The purpose of this study was to detect the PIDDosome and determine its role in the activation of caspase-2 and subsequent neuronal death after transient global cerebral ischemia (tGCI). Five minutes of tGCI combined with hypotension were used to induce neuronal cell death in the hippocampal CA1 subregion in rats. We investigated expression of PIDD, activation of caspase-2, and interaction among PIDD, RAIDD, and procaspase-2, and expression of Bid as one of the downstream targets of caspase-2. Moreover, we administered PIDD siRNA to confirm the role of PIDD.

Results

Cytosolic Up-Regulation of PIDD and Subsequent Caspase-2 Activation in the Hippocampal CA1 Subregion After tGCI.

First, we tested the specificity of an anti-PIDD antibody. In Western blot analysis, PIDD-FL, PIDD-C, and PIDD-CC were detectable at ≈100, 53, and 37 kDa in the hippocampal lysate and positive control [supporting information (SI) Fig. S1A]. In the cytosolic fraction of the hippocampal CA1 subregion, PIDD-FL and PIDD-CC were detectable, but PIDD-C was not (Fig. S1A). Once an anti-PIDD antibody was neutralized with a blocking peptide, no PIDD bands were detected (Fig. S1B). These results suggest that bands detected by this anti-PIDD antibody were not nonspecific binding.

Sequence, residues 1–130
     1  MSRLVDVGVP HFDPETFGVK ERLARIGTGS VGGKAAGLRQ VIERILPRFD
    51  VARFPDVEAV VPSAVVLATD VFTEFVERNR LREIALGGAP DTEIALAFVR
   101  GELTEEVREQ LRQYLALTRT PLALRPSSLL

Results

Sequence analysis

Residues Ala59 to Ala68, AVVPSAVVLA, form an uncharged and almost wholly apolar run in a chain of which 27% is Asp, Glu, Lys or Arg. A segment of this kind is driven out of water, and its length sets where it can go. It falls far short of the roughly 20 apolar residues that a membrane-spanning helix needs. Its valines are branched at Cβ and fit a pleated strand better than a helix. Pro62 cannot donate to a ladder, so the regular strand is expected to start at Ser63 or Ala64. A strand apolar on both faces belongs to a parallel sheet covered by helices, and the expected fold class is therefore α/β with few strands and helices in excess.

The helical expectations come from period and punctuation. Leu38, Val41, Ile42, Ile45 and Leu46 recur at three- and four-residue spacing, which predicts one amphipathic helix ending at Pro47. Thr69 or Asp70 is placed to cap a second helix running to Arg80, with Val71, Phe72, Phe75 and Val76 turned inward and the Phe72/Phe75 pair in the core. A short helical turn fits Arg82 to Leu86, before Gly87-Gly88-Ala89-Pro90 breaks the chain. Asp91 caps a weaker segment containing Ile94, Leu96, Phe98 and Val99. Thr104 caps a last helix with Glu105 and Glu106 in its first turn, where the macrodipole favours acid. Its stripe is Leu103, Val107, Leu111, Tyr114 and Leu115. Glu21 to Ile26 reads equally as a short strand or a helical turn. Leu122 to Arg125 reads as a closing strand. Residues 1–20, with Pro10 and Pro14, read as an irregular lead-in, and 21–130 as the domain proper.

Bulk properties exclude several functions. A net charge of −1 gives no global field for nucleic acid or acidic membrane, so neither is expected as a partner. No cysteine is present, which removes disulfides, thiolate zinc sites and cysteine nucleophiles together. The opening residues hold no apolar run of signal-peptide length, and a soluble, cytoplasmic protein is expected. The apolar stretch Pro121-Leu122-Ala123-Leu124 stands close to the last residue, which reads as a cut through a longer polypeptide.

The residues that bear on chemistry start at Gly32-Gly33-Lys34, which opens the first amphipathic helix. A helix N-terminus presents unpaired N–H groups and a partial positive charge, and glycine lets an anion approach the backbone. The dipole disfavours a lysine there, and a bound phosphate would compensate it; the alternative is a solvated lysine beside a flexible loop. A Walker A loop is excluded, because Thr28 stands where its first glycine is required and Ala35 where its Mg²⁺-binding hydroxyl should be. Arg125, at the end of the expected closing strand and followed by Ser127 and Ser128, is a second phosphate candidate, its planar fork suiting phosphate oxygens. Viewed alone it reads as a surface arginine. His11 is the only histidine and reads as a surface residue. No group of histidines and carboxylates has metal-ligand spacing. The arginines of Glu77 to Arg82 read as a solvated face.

Next, we performed Western blotting with time course samples in the cytosolic fraction of the hippocampal CA1 subregion. This showed that PIDD-CC significantly increased after tGCI compared with the shams. It was detectable in the shams, was up-regulated 4 and 8 h after reperfusion, and was down-regulated by 72 h (Fig. 1). PIDD-FL was just detectable at all times and showed no significant difference at any time point (Fig. 1). PIDD-C was not detected (Fig. 1). Significant caspase-2 activation, detected by the antibody, which reacts with both procaspase-2 and caspase-2, was mainly observed 8 to 24 h after tGCI compared with the shams (Fig. 1). Procaspase-2 and caspase-2 were differentiated by their molecular weight. Procaspase-2 plus caspase-2 and RAIDD showed no significant difference at any time point (Fig. 1). Western blotting using CA3 samples showed that there was no up-regulation of PIDD-FL, PIDD-C, PIDD-CC, RAIDD, or caspase-2 after tGCI (Fig. 1). In summary, PIDD-CC increased in the hippocampal CA1 subregion after tGCI, followed by caspase-2 activation.